OAKES, N.D. – After a significant rainstorm over Memorial Day weekend brought three inches of rain to the southeastern part of the state, it has been challenging for Drew Courtney to finish seeding his soybean acres.
“We should be done seeding soybeans by now. We have planted them in the past as late as June 10 and have had good luck with them, but we just need to get them in the ground,” Drew said the first week of June.
He has been working a lot of extra hours to get caught up because there have been rain delays.
“I worked until 1 a.m. (Saturday morning, May 28) trying to get the land roller caught up behind the soybeans before the rain,” he said.
The land roller evens out the field, knocks the corns stalks down, and if there are any rocks, it pushes them down into the soil.
“When we harvest in the fall, we cut the soybeans 1-2 inches from the ground in order to get all the low pods. We use the land roller so the combine heads can slide across smooth ground,” he said.
The Courtneys started seeding soybeans with 1.4 maturity and then put in a lot of 1.1 maturities. Now, they are seeding 0.9 maturities.
“This year, we were going to push it a little more and put in some 1.6s, but we got so delayed due to the rain and cold temperatures that we decided not to,” he said.
Due to the fact there is so much prevent plant in the state, the seed companies are working to have shorter maturing beans on hand as farmers still try to get their crops in.
Bret and Kyle finished seeding corn on May 22 and switched over to soybeans.
After the rain over Memorial Day weekend, they were shut down for four days.
Pockets within fields and sides of fields are still filled with rainwater.
“It is not a pretty sight out here right now. We have rain on top of rain,” Drew said on June 3.
While the sun was out and the weather was warming up into the 60s, Drew drove the sprayer two miles to the next field and had to cross water in two spots. Since April, the area has received 12 inches of rain.
“That is after 60 inches of snow this winter and 12 inches of rain last October,” he said.
On June 3, Drew was operating the sprayer in the field.
“I am trying to get caught up with spraying pre-emergent herbicide on our soybean ground,” he said.
Drew sprays after the soybeans are planted and rolled.
“Some of these fields, if they are too soft, I have been spraying before I roll due to the fact the sprayer leaves ruts. The roller will level out the ruts,” he said. “It is not an ideal spring, which will lead to a more time-consuming harvest with fewer acres planted than normal.”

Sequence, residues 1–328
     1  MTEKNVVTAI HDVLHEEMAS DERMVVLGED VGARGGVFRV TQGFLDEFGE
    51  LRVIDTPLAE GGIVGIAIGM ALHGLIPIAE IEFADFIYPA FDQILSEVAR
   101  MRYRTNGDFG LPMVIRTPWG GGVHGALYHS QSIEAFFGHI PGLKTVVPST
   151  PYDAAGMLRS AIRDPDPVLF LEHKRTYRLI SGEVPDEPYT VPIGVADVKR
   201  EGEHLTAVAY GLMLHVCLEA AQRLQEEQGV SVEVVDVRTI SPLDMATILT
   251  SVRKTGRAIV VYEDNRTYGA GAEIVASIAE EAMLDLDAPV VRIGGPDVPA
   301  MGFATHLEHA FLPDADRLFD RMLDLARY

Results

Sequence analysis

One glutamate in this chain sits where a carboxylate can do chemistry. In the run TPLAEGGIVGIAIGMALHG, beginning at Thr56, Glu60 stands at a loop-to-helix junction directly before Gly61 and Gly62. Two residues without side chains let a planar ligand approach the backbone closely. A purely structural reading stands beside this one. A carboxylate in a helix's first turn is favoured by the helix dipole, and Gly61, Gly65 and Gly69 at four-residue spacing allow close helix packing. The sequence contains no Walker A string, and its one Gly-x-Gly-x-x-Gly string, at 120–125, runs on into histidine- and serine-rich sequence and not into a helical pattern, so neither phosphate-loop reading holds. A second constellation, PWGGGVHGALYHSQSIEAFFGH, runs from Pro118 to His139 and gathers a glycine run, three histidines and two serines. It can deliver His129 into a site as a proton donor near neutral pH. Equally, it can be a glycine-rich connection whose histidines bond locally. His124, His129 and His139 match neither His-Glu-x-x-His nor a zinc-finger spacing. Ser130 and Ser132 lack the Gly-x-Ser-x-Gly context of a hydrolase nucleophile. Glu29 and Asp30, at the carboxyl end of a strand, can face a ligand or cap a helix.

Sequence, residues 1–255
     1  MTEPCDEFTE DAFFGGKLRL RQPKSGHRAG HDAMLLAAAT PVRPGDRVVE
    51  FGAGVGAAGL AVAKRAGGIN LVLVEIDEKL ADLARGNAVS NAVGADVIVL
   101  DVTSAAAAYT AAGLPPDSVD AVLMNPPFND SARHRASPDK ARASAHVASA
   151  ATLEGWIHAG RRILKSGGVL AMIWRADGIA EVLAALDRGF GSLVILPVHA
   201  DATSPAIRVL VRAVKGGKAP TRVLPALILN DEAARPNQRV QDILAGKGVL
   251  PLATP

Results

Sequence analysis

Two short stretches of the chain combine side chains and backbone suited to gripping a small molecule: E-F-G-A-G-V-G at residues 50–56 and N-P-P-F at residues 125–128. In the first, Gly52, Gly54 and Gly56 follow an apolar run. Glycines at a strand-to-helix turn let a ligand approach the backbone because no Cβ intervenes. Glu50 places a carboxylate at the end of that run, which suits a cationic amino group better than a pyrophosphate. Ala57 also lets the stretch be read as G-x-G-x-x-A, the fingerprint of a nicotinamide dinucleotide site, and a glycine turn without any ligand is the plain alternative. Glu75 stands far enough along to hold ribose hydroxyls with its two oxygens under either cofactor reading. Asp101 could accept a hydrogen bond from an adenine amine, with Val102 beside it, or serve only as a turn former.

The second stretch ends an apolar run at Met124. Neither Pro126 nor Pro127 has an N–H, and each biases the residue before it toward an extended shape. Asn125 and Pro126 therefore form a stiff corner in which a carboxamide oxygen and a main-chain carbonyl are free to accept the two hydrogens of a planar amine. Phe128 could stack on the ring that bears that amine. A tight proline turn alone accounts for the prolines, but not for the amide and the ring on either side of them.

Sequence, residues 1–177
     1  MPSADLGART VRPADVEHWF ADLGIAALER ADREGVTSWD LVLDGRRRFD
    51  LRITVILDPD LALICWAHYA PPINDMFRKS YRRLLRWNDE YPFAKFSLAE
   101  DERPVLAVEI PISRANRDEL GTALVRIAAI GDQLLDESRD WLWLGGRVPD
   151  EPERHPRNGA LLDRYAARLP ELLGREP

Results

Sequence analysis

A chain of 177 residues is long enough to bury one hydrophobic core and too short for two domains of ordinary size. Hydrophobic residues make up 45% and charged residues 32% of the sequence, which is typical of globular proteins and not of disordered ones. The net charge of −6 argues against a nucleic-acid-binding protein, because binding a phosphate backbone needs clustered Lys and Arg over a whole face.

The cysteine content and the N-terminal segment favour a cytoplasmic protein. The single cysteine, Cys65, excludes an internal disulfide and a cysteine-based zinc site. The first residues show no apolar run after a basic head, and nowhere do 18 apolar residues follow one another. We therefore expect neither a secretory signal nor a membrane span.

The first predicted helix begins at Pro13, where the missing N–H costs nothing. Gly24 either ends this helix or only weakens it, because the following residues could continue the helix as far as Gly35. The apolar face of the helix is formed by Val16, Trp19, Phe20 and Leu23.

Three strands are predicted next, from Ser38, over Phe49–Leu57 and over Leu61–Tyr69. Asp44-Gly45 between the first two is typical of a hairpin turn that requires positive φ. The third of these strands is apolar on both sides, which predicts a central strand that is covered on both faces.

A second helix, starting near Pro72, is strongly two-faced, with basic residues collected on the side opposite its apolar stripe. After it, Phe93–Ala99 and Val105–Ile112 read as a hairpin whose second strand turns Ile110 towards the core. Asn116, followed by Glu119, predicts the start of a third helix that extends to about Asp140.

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Unfortunately, some of the soybeans Drew planted before the recent storms are now under water.
“We had just planted it, and the seeds are now submerged under water. It will be all drowned out, and if the water recedes, further into the summer it will require more weed control,” he said.
Drain tile helps with water control, but not all their fields have drain tile.
Drew said some people in his area are finished planting corn and soybeans and some people just started recently. It all depends on how much rain a field received and the soil conditions.
“Some people can’t physically drive into their fields or gain access to the fields because of damaged roads,” he said.
The last time the Courtneys had it this wet was in 2020, when they only got half their farm planted. It’s looking like it may be that way this year.
“We are going to be looking at prevent plant acres for sure. We’ll probably be done seeding soybeans on Tuesday (June 7),” Drew said.
He said their farm is located in the Prairie Pothole Region, and there are small depressions within the fields that can cause water to pool, making it more difficult for fields to dry.
“In the 1990s, we planted sunflowers, which drew out moisture, but we had to stop because the blackbirds got so bad,” he said. “We usually go for whatever the market demand is, and right now, that is corn and soybeans.”
The wheat that is coming up in some fields looks “really good from the road,” Drew said. “I need to get that sprayed soon to get ahead of the emerging weeds.”
Drew also said he was invited to a roundtable discussion with some area leaders, including Rep. Kelly Armstrong, and he went to advocate for agriculture. He talked about biofuels, property rights, prevent plant, and other topics of concern to area farmers and townspeople.
“I thanked Rep. Armstrong for holding the meeting and making the trip to Oakes to discuss issues related to rural North Dakotans and issues facing the state and nation. I also commended Rep. Armstrong for signing U.S. Sen. Hoven’s letter to Secretary Tom Vilsack about crop insurance guarantees for producers planting after the plant date,” Drew said.
On the home front, Bret, who works with the Courtneys on the farm, is having his 60th birthday on the upcoming weekend.
“There is going to be a celebration for him,” Drew said. “We’ll be shutting down early Saturday to celebrate with him and his family and friends.”
There will be a party set up in the Guelph school.
“The school still holds life, serving as a community center,” he said.
Drew said the school year is over and Avery is excited about starting softball.
“All the girls are waiting for the Oakes pool to open, too,” he said. “The two youngest girls can’t get enough tractor rides and have already racked up quite a few hours sharing the buddy seat.”
Lindsey is home from her job as a special education teacher and is planting flowers around the home farmstead.
“Instead of a full-tilled garden this year, she decided to plant some tomatoes and peppers in old water tanks. I even drain tiled the tanks. If we continue to get these big rains, the excess water will be able to be drained from the tank easily with a spigot I placed on the bottom,” he said. “That is how much I love drain tile.”